Mining tax measure turns into legal debate |

Mining tax measure turns into legal debate

Sandra Chereb
The Associated Press
Tim Crowley, President of the Nevada Mining Association, testifies in a hearing at the Legislative Building in Carson City, Nev., on Thursday, May 2, 2013. Lawmakers are considering a proposal to remove the constitutional tax protections for the mining industry as part of the whole tax debate at the Legislature. (AP Photo/Cathleen Allison)
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Consequences of removing constitutional tax measures for the mining industry was the focus of lengthy debate before an Assembly panel, with the mining industry saying it would reduce their tax burden and legislative lawyers saying otherwise.

Senate Joint Resolution 15 is at the crux of the whole tax debate at the Nevada Legislature.

The state constitution currently caps net proceeds of minerals at 5 percent. Net proceeds are calculated after the cost of extracting minerals and other expenses are deducted. SJR15 would repeal that provision.

Legislative lawyers told the Assembly Taxation Committee that if SJR15 is ultimately passed and approved by voters, the industry’s tax obligations would still remain under statute until changed by the Legislature.

“Courts generally apply the rule that, if you challenge a tax, you have to pay the tax while litigating,” legislative lawyer Kevin Powers told the committee.

“If a mining company wanted to challenge, they would have to continue to pay the tax under protest,” he said. “If they stopped paying the tax, they might lose their right to challenge the tax.”

But mining industry representatives said their net proceeds tax burden would revert to a lower tax rate paid by other property owners, costing the state and rural counties money.

Tim Crowley, president of the Nevada Mining Association, said SJR15 “dismantles the current system, a system that provides significant resources to the state,” as well as rural counties.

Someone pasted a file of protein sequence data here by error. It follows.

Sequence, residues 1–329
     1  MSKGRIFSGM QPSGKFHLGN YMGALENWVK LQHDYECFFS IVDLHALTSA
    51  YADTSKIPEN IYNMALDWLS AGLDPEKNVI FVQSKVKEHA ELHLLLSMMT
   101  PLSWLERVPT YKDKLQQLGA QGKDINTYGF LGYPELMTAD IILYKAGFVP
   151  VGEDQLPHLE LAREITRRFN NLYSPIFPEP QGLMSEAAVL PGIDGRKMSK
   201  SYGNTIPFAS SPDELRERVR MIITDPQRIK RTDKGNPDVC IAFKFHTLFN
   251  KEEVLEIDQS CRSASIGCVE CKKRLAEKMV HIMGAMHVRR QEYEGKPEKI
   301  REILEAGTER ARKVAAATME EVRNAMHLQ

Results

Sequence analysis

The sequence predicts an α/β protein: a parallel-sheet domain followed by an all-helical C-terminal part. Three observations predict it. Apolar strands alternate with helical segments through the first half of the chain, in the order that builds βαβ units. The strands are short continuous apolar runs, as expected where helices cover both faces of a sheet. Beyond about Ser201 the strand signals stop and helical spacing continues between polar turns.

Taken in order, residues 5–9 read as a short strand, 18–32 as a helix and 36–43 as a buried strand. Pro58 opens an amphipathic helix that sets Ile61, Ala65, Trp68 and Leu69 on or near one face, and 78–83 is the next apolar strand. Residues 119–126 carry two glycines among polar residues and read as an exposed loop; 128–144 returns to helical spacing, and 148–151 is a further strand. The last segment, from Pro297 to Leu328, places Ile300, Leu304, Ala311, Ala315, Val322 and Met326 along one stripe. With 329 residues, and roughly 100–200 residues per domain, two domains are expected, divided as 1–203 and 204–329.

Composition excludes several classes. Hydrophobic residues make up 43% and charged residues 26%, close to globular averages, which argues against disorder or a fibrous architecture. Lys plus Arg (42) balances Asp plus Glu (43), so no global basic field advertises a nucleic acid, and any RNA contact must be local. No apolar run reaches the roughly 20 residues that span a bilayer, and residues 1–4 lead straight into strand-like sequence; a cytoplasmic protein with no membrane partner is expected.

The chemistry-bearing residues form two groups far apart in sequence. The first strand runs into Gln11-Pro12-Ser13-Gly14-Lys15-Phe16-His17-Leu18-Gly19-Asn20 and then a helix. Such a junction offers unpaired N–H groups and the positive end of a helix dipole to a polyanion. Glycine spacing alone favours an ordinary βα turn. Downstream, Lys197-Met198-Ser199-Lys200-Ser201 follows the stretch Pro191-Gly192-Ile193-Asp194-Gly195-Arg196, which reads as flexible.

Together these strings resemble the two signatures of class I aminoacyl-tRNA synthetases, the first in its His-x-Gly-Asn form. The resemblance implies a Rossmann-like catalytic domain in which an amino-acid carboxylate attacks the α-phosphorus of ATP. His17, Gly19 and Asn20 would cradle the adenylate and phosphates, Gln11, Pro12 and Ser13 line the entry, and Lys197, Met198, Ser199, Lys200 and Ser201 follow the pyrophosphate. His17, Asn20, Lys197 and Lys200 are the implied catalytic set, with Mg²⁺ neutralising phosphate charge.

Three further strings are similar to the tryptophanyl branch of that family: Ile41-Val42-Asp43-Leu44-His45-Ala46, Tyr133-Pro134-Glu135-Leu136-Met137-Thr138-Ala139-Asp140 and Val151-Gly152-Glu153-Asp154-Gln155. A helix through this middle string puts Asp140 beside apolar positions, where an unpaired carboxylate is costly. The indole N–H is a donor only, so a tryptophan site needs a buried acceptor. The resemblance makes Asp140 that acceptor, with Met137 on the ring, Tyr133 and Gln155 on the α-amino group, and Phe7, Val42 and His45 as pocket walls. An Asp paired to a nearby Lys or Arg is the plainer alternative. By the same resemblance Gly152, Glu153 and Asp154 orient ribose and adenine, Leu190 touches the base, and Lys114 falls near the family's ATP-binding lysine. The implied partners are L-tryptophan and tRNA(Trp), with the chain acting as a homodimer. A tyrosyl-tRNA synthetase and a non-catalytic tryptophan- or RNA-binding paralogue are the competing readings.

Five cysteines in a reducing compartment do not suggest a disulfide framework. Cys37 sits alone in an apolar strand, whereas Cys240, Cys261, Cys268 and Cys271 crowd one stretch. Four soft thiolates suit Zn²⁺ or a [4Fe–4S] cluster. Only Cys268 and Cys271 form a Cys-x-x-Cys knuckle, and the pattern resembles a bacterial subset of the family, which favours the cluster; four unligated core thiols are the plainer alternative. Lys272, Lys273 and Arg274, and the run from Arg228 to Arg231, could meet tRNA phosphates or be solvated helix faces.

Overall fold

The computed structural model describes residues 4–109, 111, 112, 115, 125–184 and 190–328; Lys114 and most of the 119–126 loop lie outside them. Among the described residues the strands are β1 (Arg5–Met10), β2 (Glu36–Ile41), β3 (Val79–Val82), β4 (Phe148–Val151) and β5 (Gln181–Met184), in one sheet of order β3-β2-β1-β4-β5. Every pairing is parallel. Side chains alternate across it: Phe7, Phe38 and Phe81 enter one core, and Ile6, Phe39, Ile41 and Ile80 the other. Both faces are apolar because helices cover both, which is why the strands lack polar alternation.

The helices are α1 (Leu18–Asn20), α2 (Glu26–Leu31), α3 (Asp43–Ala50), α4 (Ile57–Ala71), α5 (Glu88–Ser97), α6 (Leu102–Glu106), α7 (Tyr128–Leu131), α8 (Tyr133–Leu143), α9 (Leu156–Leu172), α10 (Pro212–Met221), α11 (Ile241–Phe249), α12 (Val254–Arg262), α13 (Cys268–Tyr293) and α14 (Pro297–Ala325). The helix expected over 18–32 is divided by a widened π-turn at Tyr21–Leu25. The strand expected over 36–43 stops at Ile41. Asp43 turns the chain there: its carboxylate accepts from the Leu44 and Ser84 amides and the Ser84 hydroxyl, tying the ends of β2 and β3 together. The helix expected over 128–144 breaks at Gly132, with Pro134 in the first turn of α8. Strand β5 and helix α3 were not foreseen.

Passage, he said, “will halt revenue to the state.”

SJR15 was approved the 2011 Legislature and has cleared the Senate this year. If passed by the Assembly, it will go to voters in 2014.

Crowley tried to counter critics who argue that mining doesn’t pay its fair share in taxes.

“In some ways that’s true,” he said. The industry, he pays “four times more” the average taxes levied on other businesses.

Besides net proceeds, mining also pays payroll, sales and all taxes imposed on other businesses as well, he said.

Rural representatives also urged defeat, arguing mining contributes to their local economies.

But their arguments drew the ire of Southern Nevada lawmakers, who pounced at the suggestion that rural mining economies propped up the rest of the state and were being threatened by the populous south.

“I came here today to try to have a fair hearing, not make it personal,” said Assembly Speaker Marilyn Kirkpatrick, D-North Las Vegas. “Now I feel it’s personal.

“I represent 64,900 people who see their gaming dollars going this way,” she said, referring to Southern Nevada’s might as the state’s gambling and tourism mecca. Sales and gambling taxes paid by casinos make up about half of the state’s general fund.

Sen. Michael Roberson, who is leading an effort to raise the tax on gold and silver mine operators to 10 percent, urged the committee’s support.

“I think you are all smart enough to discern the truth today,” the Henderson Republican said, telling the committee they shouldn’t believe “those who tried to deceive you.”

No action was taken by the committee.